Smith v. United States, 180 F.2d 775 (D.C. Cir. 1950)

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US Court of Appeals for the District of Columbia Circuit - 180 F.2d 775 (D.C. Cir. 1950) Argued January 6, 1950
Decided February 20, 1950

Mr. Saul G. Lichtenberg, Washington, D. C., for appellant.

Mr. Robert M. Scott, Assistant United States Attorney, Washington, D. C., with whom Messrs. George Morris Fay, United States Attorney, and Joseph M. Howard, Assistant United States Attorney, Washington, D. C., were on the brief, for appellee.

Before PROCTOR, FAHY and BAZELON, Circuit Judges.

PROCTOR, Circuit Judge.

Appellant was convicted on seven counts of an eight count indictment, each charging her with receiving money in arranging for a named female to engage in prostitution, etc., in violation of D.C.Code (1940) § 22-2707. Four counts related to one female, three to another. Here, on appeal from the judgment and sentence, she complains as to: (1) joinder of offenses; (2) refusal of the court to direct acquittal on all counts for insufficient proof; (3) admission of evidence as to conditions at her house when she was arrested; (4) presence of government employees and women on the jury.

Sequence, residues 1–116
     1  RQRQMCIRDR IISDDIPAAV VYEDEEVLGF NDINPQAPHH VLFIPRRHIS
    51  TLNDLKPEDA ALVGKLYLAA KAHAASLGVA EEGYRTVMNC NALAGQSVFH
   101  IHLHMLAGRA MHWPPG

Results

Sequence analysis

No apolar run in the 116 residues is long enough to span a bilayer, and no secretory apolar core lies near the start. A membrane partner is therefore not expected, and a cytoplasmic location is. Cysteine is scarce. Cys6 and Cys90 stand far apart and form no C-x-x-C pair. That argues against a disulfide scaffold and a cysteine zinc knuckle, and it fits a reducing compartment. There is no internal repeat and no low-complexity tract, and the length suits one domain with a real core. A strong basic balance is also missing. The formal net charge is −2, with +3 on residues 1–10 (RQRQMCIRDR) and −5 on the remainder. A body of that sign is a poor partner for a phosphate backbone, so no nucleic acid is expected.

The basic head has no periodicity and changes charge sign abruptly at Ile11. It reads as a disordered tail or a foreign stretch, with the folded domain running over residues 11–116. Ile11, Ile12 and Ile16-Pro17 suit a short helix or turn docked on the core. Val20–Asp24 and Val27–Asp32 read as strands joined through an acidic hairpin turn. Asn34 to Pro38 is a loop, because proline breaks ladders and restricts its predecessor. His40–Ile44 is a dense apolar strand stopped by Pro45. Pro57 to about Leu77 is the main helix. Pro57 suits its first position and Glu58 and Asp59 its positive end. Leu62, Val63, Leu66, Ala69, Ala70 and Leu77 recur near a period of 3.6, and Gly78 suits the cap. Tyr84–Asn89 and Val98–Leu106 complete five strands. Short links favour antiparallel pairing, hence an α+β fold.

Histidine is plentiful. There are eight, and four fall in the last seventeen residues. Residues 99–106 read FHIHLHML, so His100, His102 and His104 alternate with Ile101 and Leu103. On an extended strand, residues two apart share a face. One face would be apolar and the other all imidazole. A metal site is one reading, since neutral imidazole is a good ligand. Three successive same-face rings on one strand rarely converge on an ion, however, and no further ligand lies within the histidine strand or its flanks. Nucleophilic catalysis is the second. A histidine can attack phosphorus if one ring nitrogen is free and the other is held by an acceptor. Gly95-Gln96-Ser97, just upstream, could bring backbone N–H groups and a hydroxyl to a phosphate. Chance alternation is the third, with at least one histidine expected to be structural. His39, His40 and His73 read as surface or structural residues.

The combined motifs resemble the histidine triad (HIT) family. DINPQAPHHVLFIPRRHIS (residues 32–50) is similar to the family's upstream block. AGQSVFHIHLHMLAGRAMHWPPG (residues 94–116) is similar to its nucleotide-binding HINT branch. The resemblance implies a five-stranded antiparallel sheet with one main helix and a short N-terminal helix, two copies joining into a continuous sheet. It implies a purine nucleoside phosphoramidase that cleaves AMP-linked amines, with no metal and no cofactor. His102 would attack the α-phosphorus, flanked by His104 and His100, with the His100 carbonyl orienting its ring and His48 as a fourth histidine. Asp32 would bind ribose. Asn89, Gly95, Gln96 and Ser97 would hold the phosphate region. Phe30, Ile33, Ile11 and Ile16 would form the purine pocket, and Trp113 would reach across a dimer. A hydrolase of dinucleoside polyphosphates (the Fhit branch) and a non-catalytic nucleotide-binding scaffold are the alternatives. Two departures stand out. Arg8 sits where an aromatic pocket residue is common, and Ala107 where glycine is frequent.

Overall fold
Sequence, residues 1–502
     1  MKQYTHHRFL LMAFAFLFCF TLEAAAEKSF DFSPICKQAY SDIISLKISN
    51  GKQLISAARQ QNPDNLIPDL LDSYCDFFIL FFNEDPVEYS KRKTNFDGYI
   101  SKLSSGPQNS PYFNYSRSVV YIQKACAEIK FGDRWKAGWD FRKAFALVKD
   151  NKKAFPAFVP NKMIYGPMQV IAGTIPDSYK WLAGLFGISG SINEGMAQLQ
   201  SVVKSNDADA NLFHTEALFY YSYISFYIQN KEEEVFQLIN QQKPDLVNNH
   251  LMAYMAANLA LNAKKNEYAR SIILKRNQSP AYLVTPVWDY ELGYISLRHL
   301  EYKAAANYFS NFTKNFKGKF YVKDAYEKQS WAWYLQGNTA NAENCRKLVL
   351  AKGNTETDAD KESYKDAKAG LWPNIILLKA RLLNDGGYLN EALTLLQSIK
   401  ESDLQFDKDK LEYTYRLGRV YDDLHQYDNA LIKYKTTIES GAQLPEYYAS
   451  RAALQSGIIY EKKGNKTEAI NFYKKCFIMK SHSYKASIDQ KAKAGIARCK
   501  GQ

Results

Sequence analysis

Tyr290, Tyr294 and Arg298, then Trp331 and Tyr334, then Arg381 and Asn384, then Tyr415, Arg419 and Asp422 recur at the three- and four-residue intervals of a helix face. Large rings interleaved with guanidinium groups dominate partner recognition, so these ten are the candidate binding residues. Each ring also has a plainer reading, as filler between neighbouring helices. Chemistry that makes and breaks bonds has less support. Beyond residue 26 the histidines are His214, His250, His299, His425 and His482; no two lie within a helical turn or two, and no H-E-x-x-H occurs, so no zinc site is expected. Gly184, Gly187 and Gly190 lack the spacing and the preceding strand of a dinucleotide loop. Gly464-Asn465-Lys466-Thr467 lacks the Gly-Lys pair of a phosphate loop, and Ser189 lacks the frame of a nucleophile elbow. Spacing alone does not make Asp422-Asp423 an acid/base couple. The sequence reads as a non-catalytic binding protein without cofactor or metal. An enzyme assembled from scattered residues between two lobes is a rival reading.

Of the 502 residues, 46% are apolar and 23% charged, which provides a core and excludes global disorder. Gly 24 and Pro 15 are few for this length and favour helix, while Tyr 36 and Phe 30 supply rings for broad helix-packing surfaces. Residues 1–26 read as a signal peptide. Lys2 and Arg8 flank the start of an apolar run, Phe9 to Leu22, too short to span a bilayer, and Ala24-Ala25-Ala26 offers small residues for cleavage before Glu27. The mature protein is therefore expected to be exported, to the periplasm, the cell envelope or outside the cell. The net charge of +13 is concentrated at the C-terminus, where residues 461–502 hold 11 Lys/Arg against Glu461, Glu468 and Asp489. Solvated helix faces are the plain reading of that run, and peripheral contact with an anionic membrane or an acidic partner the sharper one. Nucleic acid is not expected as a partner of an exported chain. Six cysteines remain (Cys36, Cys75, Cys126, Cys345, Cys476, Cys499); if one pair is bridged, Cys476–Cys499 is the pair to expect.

We think there is no merit to any point raised. 1. The offenses charged in the several counts were of the same character, therefore, joinder was permissible. Rule 8(a), Federal Rules of Criminal Procedure, 18 U.S.C.A. Failure to object to the joinder before trial constituted a waiver. Rule 12(b) (2), Federal Rules of Criminal Procedure. 2. The record reveals ample evidence to justify submission of the seven counts to the jury. 3. Evidence of conditions at appellant's house (details omitted here) at the time of her arrest, which established presence of the two women referred to in the indictment, was competent and relevant in proof of an element of each offense, i. e., their "engagement" in prostitution. 4. Government employees and women are legally qualified for jury service. As to government employees, see: D.C.Code (1940) § 11 — 1420; U. S. v. Woods, 1936, 299 U.S. 123, 57 S. Ct. 177, 81 L. Ed. 78; Frazier v. U. S., 1947, 82 U.S.App.D.C. 332, 163 F.2d 817, affirmed 1948, 335 U.S. 497, 69 S. Ct. 201, 93 L. Ed. 187. As to women jurors, see: D.C.Code (1940) § 11 — 1418. Bias was not to be implied as to either class of jurors. Bias in fact was not shown as to any juror. So far as appears from the record, the panel fulfilled constitutional requirements of an impartial jury. United States Constitution, Sixth Amendment. See above cases. The judgment is affirmed.